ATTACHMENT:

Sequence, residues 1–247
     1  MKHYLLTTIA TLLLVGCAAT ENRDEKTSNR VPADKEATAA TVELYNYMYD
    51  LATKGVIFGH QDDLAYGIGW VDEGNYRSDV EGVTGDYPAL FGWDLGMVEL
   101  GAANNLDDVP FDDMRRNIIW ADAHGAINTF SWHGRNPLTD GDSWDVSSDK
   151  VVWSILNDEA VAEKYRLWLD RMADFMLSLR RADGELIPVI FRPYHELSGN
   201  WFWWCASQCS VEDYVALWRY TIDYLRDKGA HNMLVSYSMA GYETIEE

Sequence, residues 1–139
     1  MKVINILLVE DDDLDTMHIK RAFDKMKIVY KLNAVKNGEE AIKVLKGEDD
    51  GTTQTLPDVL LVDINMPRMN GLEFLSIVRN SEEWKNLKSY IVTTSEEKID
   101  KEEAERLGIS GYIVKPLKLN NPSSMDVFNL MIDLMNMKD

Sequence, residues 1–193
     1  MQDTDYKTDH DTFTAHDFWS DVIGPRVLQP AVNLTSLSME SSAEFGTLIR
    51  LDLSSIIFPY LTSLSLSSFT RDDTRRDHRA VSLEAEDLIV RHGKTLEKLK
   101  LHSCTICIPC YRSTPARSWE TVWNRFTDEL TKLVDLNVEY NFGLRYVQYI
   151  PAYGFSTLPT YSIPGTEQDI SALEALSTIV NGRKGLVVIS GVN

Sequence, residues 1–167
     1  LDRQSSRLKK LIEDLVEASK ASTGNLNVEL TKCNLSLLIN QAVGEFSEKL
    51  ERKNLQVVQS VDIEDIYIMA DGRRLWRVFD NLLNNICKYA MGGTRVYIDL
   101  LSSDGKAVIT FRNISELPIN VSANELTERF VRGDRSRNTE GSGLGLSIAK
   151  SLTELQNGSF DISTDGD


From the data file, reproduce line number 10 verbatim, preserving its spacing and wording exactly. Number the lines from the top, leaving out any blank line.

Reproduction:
   101  KEEAERLGIS GYIVKPLKLN NPSSMDVFNL MIDLMNMKD